Mudslides and deserts caused by increasing population
Many poor people in countries like China, Nepal and sub-Saharan Africa are caught in a dilemma. They need fuel for cooking, timber for building. Some cut the trees and scrub in the hills above; some in the semi-deserts around them. The population is growing in numbers, and so they need to build where the trees have been.
Mudslides have many causes, but the most common feature today is human interference with the stability of hills, especially removal of trees for fuel and building. Illegal logging companies, stimulated by population growth among other things, also remove trees and need the terrain graded for transport. All these disturb the natural stability of slopes. Heavy rains, droughts, earthquakes, bushfires or volcanic eruption trigger the mudslides, which overwhelm the people’s villages, their cattle and their crops.
There may be efforts to reafforest. In pre-war Korea I saw the efforts to replant on the bare hills. Afterwards I saw the poor people following after, taking the new saplings for fuel. It took a strong government post-war to manage to get trees back on the hills, and employ poor people as foresters, to avoid them stripping the hills in their poverty.
But what can the people do? They need the fuel and the wood now, at the price of safety in the future.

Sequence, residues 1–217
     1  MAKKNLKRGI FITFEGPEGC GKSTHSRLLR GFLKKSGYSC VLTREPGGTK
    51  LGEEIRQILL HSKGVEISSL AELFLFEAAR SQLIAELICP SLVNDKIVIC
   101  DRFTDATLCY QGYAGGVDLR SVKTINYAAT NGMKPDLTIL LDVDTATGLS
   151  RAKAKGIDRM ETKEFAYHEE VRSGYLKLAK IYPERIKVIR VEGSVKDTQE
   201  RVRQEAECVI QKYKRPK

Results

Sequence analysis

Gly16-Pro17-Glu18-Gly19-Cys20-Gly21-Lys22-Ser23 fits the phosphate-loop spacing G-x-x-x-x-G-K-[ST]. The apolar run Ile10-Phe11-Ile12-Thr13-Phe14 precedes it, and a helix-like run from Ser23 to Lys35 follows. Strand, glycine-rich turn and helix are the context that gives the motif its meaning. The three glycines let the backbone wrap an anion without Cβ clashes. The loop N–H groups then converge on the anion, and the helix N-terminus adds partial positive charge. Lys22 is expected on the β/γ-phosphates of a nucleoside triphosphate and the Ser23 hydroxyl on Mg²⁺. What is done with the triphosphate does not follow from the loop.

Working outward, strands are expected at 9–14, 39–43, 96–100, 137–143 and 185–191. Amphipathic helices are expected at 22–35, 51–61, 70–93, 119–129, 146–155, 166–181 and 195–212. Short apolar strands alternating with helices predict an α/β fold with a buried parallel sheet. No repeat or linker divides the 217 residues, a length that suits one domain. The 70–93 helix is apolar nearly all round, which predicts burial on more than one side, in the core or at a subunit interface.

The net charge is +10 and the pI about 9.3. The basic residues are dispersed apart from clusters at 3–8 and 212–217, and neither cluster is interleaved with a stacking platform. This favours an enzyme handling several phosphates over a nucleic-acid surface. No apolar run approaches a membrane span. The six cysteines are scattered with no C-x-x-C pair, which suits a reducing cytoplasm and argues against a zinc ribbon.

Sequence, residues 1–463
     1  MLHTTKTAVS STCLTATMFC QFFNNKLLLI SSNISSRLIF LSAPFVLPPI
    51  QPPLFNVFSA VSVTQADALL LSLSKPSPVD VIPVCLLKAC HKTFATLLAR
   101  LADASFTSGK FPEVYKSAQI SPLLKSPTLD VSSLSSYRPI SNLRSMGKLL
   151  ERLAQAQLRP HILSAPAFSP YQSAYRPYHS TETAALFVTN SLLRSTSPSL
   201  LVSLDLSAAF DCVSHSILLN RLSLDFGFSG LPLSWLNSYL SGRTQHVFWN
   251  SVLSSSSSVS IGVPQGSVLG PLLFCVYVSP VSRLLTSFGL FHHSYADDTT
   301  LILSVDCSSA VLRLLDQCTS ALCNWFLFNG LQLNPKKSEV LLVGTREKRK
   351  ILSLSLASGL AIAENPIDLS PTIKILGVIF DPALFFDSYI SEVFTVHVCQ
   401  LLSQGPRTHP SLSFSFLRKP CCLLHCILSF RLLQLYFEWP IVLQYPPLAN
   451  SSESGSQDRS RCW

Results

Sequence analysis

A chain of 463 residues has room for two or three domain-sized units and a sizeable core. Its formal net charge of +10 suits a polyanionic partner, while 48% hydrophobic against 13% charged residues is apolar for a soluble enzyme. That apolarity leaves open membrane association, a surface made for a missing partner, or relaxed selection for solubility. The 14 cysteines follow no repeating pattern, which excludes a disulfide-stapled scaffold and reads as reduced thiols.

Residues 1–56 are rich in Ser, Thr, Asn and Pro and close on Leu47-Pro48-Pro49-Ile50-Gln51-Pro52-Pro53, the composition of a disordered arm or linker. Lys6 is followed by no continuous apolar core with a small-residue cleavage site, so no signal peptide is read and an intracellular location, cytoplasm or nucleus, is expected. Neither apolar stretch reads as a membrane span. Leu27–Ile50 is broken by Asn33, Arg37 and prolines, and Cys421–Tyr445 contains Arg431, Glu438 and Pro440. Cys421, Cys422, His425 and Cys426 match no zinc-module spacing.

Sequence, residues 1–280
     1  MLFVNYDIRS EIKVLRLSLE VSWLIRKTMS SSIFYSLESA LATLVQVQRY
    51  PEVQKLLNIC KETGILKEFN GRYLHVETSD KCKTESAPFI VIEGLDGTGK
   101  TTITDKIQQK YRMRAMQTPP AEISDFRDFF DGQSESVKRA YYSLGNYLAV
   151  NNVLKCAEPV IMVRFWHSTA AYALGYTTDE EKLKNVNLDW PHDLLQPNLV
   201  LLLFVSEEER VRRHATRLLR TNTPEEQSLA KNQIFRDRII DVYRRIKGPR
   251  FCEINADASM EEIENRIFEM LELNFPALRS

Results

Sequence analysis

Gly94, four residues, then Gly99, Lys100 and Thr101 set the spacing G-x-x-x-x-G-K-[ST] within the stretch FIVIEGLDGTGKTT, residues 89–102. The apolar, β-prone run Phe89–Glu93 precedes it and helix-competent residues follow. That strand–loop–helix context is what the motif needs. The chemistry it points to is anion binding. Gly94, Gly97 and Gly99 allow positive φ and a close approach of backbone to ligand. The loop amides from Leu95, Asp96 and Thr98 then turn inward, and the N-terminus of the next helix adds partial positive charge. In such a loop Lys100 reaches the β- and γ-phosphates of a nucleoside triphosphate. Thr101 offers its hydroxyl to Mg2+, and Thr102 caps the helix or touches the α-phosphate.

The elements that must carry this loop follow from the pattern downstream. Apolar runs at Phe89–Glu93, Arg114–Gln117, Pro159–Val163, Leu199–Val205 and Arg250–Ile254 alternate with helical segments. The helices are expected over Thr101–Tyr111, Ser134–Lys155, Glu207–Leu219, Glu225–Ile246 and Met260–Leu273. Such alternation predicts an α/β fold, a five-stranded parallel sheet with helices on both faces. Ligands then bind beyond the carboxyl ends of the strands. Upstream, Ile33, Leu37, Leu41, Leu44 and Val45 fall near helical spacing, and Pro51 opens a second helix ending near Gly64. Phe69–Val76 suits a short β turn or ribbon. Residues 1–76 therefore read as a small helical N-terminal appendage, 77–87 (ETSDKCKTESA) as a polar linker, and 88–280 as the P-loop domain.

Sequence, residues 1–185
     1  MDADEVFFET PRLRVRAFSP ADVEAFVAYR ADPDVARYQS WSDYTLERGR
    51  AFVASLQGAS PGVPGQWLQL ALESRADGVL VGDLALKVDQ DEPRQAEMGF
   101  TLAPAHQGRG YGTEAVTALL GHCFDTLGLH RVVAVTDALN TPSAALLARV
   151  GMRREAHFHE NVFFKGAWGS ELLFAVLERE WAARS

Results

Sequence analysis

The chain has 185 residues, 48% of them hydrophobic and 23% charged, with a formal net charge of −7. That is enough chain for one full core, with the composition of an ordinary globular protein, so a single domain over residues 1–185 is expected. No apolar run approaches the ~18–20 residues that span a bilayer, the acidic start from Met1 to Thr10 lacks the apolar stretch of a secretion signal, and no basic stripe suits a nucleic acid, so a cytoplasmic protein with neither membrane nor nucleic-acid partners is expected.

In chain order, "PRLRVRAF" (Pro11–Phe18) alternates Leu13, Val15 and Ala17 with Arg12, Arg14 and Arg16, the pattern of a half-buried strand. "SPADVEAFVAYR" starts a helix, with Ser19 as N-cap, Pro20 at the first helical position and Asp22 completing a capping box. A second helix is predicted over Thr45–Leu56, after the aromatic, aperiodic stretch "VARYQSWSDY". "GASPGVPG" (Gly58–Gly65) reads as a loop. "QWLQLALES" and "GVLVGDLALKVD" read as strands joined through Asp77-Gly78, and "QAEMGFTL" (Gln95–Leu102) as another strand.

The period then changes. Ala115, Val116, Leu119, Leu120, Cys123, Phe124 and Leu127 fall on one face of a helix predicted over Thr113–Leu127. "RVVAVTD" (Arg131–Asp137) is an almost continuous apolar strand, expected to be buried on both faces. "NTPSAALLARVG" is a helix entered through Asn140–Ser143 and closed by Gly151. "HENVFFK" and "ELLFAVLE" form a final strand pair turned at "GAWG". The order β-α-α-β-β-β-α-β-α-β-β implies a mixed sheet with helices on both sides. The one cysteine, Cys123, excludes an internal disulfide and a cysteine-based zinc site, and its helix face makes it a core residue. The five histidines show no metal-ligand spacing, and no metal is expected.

We see many touching pictures of African semi-desert and desert, in which elephants move across the stony plain, where once they luxuriated in jungle. The elephants too, pick the only surviving trees. The pictures shown in charities’ leaflets show women walking ever further afield across the stony plain to bring home the bundle of twigs which mean that next time she must walk farther. We are torn with pity for her seven children, who mean the problems are greater still when they are grown up, if they have seven children each themselves.
So many of the climatic troubles we bring on ourselves – by our Western way of easygoing life, and by the stressful lives of the poor people.
Towards solutions by humane population reduction
The West has had compassion that has brought the poor medicine,so that more children survive than ever before – but has failed in the compassion that would ensure they had a fair chance in life. We need to help other countries achieve social welfare to ensure families survived without having to invest in as many children as possible, and for families to have sources of fuels and structural materials so that the hills and the stony fields were not made dangerous ecologically.
The solar stoves are more important than the games for children, when it has to be a choice. And contraception is more important than the advice for abstinence to people who have few of the other pleasures that we have.
These must be our aid responses to the mudslides, and to all the soil blown away that leaves desert.